However, Haunted Trails went beyond providing me with video game action; it also taught me all about monsters and ghosts and bloody pools, but not in the games. As a horror-themed golf course that featured a 20-foot tall Frankenstein monster, a smaller (but no less frightening) cloaked Dracula and several pools of water dyed red, it's a wonder I didn't run from the place screaming. Instead, I wanted to be there every weekend. And I practically was. No matter how often I played the holes or games, it always seemed like the first time; the excitement never faded. They say children like to be frightened, but I was never scared of the place; it felt like a home away from home — albeit a silly, campy home.
Speaking of silly and campy (and I say that with much love), it was after my parents divorced that I was introduced to the world of wrestling. Whenever the WWF was in Chicago, my dad made it a point to take me to the Rosemont Horizon to see guys like The Honky Tonk Man, Rick Rude, The Million Dollar Man, Big Boss Man, Randy Savage and, yes, Hulk Hogan. What you younger readers might fail to realize is that this was back in the days before wrestling was on TV nigh on every night. We didn't have Raw or SmackDown, ECW or Impact. We had WWF Superstars of Wrestling, an hour-long weekly program. Sometimes you'd see two big names going at it, but it mostly featured our favorite wrestlers of the day battling jobbers who never stood a chance of winning. This was also before pay-per-views were held every three weeks. If we were lucky, we'd see them every few months. And even then, I never saw them live. So the only way to see wresting and to have it feel more epic than it already did, was to attend live events where everything was brighter and louder and so much more exciting!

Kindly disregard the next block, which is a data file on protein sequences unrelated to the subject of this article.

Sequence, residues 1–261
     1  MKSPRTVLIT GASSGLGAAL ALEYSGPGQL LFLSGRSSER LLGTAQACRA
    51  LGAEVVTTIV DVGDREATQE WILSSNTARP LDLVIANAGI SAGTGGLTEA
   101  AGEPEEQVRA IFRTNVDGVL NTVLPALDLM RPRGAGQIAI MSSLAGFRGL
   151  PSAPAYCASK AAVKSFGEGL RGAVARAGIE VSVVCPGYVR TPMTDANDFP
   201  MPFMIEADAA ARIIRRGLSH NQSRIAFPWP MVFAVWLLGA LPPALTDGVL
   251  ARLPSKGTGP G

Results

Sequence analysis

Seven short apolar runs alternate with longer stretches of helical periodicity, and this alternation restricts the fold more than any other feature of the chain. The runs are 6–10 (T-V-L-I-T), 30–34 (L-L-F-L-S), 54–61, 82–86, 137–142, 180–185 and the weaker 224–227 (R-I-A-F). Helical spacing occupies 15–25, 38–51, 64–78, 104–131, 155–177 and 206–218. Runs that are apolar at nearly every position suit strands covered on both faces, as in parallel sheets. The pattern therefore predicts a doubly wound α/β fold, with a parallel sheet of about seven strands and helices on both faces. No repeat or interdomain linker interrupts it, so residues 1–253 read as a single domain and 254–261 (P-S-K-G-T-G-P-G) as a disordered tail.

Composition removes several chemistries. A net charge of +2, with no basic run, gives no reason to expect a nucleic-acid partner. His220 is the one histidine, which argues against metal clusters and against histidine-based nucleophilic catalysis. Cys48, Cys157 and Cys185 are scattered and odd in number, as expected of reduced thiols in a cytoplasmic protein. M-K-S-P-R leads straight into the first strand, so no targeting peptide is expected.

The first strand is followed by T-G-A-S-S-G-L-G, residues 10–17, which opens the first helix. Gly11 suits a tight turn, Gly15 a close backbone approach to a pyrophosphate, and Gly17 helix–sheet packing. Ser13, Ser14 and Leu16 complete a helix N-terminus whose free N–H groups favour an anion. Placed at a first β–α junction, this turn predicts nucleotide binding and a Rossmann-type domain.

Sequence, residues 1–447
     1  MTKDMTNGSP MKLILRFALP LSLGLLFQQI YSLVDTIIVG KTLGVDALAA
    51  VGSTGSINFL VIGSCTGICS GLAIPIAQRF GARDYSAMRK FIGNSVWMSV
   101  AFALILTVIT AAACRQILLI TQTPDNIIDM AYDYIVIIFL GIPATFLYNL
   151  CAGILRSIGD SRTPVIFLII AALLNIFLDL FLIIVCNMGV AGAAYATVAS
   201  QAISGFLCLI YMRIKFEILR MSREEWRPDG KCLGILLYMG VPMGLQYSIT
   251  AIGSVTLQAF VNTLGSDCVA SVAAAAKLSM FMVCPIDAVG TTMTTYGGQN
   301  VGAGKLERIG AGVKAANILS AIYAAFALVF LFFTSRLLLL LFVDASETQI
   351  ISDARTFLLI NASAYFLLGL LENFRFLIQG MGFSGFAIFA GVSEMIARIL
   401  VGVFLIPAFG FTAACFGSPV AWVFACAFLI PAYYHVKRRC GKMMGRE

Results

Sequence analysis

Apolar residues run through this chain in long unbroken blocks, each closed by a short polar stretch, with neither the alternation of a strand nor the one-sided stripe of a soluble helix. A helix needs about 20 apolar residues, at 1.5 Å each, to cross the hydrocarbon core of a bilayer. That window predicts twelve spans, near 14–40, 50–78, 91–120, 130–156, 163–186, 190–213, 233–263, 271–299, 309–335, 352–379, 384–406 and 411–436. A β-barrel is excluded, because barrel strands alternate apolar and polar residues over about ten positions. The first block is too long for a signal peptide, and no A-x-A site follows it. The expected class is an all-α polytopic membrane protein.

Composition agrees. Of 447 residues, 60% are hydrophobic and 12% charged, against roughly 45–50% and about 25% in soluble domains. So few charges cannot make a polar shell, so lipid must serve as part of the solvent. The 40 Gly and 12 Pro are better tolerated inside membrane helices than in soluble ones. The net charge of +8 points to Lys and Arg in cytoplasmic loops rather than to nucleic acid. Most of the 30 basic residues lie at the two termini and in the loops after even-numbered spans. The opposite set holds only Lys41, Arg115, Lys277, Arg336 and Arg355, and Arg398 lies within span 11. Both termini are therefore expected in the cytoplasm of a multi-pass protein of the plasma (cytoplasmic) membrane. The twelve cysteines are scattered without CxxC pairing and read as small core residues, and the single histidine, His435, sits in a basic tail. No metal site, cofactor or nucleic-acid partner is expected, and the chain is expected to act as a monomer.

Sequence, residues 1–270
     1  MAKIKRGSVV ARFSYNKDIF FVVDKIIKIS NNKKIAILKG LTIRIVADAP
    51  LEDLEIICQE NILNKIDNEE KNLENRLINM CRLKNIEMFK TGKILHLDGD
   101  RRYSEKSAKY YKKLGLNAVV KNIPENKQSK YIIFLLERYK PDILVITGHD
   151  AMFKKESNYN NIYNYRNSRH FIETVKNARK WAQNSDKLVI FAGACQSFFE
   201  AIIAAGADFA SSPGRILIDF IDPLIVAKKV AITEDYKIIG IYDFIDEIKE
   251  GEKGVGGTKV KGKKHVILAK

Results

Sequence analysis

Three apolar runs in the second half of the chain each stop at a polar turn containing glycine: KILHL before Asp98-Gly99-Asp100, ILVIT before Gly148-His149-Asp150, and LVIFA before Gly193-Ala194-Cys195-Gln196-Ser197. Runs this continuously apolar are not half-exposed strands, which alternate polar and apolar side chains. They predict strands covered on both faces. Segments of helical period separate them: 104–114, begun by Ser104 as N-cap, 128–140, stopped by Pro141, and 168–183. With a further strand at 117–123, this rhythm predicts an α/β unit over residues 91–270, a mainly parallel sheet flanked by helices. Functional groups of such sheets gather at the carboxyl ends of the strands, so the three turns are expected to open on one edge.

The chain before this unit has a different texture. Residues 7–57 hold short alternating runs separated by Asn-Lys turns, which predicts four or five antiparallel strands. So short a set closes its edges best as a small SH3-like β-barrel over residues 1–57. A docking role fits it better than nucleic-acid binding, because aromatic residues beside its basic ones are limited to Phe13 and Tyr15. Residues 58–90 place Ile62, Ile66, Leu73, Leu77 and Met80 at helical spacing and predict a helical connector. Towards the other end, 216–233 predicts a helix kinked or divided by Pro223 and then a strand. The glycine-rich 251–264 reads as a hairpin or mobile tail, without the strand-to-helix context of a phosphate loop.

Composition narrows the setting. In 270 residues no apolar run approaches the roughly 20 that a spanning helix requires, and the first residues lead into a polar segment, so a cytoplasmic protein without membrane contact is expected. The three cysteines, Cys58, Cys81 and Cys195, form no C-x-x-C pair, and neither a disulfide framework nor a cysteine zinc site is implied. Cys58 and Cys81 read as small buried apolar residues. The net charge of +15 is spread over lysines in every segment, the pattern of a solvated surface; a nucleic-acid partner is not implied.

These colorful men were virtuous superheroes and dastardly villains; they weren't fighting to save the world or even the city, but they were fighting to protect right from wrong — to show the wicked men that evil might win the battle, but never the war.
At the same time I was discovering wrestling and learning about fists full of justice, I also discovered the glory that was GI Joe — in both cartoon and comic book form. If the Ewoks were my pot, GI Joe was my cocaine. He-Man, Transformers and MASK were certainly great and hold a fondness in my heart, but nothing topped the daring, highly trained special mission force that was comprised of Flint, Lady Jaye, Duke, Roadblock and countless others. Unlike wrestlers, the Joes did fight to protect the world, and they did it in style! Between their tanks and jets, awesome costumes and laser guns, they were the coolest cavalry that ever rode in over the horizon.
Beyond that, what made them so special was that I could not only see their adventures on TV and play with the action figures in my bedroom, but I could also read about them in comic book form! Having so many ways to consume anything and everything GI Joe fanned the flame that became an obsession for years.